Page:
On December 1, 1999, the Dubai cityscape changed for ever.
Designed by British architect Tom Wright, the hotel was built in the shape of a dhow, the traditional Arab ship, on a man-made island 280m off the Dubai shore. The design of the building reimagined the traditional vessel with its piercing sail to not only reflect Dubai′s seafaring heritage, but to add a modern, universal and unique aesthetic, symbolic of the UAE’s forward vision.
Construction on the project began in 1994. It took two years to create the island and another three years to build the property. From its official opening, and since then, it has broken several world records. It is 321m tall and was the tallest hotel in the world when it was built,― it is still the third tallest.
The Terrace, the Burj’s 10,000sqm luxury platform, is the first man-made luxury beach facility, which has two pools and a 1,120sqm beach area which was created using 1,000 tonnes of imported white sand.
Inside the hotel is the largest Swarovski crystal ceiling in the world, where an installation worth Dh1.3 million ($353,982), recreated the Milky Way by using 21,000 crystals.
Approximately 1,790sqm of 24-carat gold leaf is used to embellish the interior of the hotel, which was designed by British Chinese interior designer Khuan Chew.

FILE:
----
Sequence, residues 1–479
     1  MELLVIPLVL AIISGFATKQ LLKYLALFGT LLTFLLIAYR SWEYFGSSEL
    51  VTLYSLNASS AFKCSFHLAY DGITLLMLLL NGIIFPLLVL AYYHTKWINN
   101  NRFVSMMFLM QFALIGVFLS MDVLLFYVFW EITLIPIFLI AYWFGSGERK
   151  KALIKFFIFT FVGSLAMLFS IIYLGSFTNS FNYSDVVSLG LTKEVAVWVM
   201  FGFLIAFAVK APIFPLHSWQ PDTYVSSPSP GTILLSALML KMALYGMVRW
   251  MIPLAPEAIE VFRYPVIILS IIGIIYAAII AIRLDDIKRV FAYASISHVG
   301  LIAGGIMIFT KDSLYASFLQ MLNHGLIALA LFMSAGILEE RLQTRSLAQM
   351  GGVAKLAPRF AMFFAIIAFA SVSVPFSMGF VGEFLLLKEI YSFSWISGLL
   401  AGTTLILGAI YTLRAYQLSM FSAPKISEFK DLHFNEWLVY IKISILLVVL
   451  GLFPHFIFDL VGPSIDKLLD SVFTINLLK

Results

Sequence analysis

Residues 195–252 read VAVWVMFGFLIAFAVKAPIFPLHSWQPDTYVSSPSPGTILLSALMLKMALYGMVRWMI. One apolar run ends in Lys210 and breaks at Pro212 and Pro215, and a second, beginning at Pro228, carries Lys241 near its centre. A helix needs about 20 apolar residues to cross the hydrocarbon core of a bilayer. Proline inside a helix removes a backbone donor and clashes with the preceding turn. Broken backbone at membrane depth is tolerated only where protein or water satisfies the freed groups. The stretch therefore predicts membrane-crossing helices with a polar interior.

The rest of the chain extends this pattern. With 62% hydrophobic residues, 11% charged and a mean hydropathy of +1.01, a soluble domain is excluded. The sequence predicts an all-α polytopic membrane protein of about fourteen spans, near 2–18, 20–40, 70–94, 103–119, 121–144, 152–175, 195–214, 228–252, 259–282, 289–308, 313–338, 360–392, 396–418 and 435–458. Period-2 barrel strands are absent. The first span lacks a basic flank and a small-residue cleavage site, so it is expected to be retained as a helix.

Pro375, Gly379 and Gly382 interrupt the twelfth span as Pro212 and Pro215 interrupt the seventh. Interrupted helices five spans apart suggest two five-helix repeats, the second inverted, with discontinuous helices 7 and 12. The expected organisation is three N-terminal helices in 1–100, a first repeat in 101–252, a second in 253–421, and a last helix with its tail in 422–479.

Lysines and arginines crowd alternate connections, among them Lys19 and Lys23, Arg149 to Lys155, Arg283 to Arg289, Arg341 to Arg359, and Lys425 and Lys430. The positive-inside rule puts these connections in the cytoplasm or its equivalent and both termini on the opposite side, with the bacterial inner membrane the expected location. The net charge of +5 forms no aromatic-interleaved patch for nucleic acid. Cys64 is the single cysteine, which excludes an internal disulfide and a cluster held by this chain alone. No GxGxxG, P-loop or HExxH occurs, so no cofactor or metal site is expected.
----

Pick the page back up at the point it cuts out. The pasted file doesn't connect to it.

Chew researched Arab poetry, science and astronomy, and his design explores the theme of Life in the Desert. The interior of the hotel was designed in sections, honing in on the idea of the four elements: earth, air, fire and water.
The hotel's helipad has always been a point of international interest. In 2004, pro golfer Tiger Woods teed off from the helipad and, the following year, Andre Agassi and Roger Federer had a game of tennis on a makeshift court, while in 2013, champions Ma Long and Liu Shiwen played the first table tennis match on the Burj’s platform, and in 2017, professional kitesurfer Nick Jacobsen jumped off the helipad with his kiteboard, in a world first.
There’s no denying that the Burj redefined hotel luxury, introducing the idea of the "seven-star hotel" and reframed the UAE to the global mainstream. Yet the Burj is more than a hotel.
Indelibly linked to the city’s visual identity, an incredibly popular tourist destination and a local point of pride, the Burj, 23 years since its construction, is a reminder and symbol of how far the UAE has come and what Dubai envisions for itself.